A while back the Pentagon started to reform the military intelligence. First of all it entails the increase of number of the DIA abroad. Over the next five years their numbers, including undercover (primarily diplomatic), will be increased to about 1600 people. Today the DIA has around 500 operatives abroad.
The US Department of Defense (DoD) is preparing to provide closer interaction with the DIA with the CIA and the Special Operations Command (SOCOM). The main priority will be the surveillance of Islamist groups in Africa and the Middle East, shipments of armaments from North Korea and Iran to other countries and the modernization of the Chinese armed forces. In fact we are talking about a rapid transformation of the military intelligence agencies into a special intelligence network of agents. This agency is often hiring people from universities’ teaching staff or business people from strategically important fields for the military. The staff of the CIA dramatically increased in the last eleven years as the department on the war on terror expanded from 300 to 2000 people. But unlike the CIA, military intelligence activities are not actually controlled by Congress.
The funds for the DIA expansion are included in the total expenditures of the US DoD. But there are plans that the Pentagon does not advertise. There is talk, in particular, about the increase in the number of spies and the division of tasks between the CIA and DIA. This is primarily caused by poor preparation of the military intelligence personnel, where they often fail operations or fulfil them only on paper. The byword became a bad habit: the American James Bonds abuse alcohol, have poor foreign language skills, really do not know how to recruit agents to analyse documents.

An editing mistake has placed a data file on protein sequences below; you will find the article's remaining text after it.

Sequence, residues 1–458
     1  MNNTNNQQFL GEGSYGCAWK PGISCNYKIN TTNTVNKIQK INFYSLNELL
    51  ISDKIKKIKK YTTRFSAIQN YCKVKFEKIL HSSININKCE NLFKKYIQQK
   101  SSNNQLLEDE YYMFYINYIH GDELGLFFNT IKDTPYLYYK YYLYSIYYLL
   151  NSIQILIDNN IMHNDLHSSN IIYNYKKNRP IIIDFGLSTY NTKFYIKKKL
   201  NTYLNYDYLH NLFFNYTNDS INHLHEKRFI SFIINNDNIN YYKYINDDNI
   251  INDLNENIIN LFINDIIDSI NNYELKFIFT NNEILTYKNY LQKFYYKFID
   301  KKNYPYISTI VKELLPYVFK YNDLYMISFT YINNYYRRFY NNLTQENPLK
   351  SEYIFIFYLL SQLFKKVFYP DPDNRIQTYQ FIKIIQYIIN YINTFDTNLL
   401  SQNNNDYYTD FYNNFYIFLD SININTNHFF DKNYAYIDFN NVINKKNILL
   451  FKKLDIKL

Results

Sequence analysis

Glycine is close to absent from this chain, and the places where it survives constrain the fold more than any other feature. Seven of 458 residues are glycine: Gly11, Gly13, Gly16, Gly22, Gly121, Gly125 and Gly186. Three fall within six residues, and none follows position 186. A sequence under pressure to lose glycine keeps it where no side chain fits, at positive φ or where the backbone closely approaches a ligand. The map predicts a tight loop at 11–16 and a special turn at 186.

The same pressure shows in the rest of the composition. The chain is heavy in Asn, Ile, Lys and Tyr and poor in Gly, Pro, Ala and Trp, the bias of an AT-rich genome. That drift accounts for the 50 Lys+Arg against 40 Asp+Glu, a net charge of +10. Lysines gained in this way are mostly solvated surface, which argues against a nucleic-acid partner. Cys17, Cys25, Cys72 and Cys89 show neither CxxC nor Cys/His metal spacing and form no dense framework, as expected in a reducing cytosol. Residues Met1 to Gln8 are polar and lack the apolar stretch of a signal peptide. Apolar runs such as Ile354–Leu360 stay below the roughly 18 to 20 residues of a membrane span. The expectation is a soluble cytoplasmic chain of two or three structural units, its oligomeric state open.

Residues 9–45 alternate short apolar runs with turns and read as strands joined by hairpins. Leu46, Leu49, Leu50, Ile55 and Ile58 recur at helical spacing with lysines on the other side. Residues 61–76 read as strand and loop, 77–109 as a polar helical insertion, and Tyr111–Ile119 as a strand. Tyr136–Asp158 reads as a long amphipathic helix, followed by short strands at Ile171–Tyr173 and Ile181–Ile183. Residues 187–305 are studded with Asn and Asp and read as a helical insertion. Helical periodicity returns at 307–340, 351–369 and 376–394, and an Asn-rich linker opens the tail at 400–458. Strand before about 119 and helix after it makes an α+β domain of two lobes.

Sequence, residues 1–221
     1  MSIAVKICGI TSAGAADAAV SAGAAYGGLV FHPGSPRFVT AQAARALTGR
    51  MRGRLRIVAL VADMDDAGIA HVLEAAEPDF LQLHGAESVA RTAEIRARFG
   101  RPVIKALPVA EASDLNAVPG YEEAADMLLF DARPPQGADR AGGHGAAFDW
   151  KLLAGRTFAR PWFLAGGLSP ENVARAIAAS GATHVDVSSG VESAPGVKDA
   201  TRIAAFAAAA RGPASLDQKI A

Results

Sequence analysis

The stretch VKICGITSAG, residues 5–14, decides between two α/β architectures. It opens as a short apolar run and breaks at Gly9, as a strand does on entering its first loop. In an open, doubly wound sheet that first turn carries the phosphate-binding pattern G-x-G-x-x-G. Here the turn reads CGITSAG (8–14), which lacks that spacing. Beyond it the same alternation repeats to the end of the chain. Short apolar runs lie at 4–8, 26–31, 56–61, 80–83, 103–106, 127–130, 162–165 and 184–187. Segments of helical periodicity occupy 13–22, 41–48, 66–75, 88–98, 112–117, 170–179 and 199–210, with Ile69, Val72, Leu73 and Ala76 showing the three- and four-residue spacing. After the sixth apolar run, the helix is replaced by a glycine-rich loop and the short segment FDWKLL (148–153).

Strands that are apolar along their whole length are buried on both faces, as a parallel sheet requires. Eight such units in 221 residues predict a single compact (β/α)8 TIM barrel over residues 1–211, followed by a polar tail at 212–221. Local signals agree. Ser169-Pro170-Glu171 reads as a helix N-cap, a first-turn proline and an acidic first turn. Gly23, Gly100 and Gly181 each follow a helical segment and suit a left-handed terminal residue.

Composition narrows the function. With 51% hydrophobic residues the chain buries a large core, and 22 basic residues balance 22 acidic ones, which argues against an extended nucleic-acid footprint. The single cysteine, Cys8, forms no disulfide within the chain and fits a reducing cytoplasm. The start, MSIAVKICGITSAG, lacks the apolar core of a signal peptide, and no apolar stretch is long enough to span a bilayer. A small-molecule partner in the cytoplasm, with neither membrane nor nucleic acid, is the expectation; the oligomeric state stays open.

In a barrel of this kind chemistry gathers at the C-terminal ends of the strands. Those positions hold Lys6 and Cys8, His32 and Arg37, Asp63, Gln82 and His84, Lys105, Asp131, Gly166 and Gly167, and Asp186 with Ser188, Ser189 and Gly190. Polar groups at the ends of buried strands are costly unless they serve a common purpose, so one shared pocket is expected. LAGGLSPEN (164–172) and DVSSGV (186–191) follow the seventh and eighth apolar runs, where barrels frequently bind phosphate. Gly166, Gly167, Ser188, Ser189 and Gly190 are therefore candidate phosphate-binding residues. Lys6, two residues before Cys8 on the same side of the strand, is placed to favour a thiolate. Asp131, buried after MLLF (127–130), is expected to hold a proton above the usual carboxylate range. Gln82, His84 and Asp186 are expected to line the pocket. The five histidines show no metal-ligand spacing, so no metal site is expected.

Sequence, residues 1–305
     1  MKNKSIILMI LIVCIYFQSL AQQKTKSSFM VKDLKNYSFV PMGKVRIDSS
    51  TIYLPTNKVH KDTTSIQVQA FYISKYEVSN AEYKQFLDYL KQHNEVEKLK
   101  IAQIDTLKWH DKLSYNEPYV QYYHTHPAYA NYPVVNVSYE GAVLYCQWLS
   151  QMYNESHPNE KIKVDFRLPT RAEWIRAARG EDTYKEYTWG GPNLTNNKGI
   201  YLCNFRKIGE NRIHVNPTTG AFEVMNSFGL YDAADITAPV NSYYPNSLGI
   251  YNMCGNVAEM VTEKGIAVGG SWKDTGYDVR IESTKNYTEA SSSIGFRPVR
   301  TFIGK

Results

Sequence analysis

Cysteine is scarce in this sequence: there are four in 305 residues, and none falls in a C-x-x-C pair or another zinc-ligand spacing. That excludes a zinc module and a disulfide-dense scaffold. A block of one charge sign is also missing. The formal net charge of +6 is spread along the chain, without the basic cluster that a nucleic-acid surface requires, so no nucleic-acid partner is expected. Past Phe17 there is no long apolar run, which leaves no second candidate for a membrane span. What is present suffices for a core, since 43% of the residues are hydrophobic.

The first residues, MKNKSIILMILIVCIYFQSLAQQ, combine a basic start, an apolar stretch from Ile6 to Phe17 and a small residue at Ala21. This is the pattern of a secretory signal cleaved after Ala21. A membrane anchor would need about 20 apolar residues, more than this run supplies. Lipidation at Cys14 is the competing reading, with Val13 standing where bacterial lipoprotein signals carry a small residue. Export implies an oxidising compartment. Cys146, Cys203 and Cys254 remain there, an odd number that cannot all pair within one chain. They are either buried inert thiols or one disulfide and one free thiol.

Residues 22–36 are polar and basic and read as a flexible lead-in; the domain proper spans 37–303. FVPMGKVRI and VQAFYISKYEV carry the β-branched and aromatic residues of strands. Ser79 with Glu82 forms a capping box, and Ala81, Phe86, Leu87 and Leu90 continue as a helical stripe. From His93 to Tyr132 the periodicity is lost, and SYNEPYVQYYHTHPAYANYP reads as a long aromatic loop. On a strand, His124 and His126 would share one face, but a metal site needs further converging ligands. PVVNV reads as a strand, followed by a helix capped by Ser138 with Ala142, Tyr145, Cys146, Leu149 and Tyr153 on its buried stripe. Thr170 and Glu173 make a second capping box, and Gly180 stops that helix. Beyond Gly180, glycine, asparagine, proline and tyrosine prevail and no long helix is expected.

Lately at the CIA training base in the state of Virginia training is given for the new division of the DIA, Defense Clandestine Service (DCS). After graduation the recruits are sent to Afghanistan, Iraq, to countries in crisis in Africa and Latin America. In the next five years the DCS will become one of the leading departments of the DIA.
From January 2012 the US operates on a document titled Sustaining U.S. Global Leadership: Priorities for 21st Century Defense. It says in the documents that the strengthening of China in the long-term perspective can influence the economy and security of the USA. The key points in the military strategy adopted by the USA are reduced to a relative decrease in the number of American armed forces while simultaneously concentrating budget resources on the development of satellites and drones. It also assumes a reorientation of resources on the Asia-Pacific Region (APR). We can conclude that the document reinforces the presence of the USA in the APR and the DIA reforms are links of the same chain. Now China is the main enemy of the United States.
Stabbed by Clinton
The National Security Agency stands out. This is the division of radio and electronic intelligence. It was created on November 4th 1952. From the number of military service personnel and civilians, according to the budget, it is the largest of the intelligence agencies of the USA.
The NSA is responsible for the collection and analysis of information by technical means, monitoring electronic communications and recording network traffic. They solve specialised tasks by obtaining information from communication networks of foreign governments by electronic and radio intercepts, interpreting using computer technology. The NSA is responsible for protecting communication networks of the US government agencies against unauthorised access by electronic intelligence services of other countries. The stab with the hacking of Hillary Clinton’s emails is on its conscience.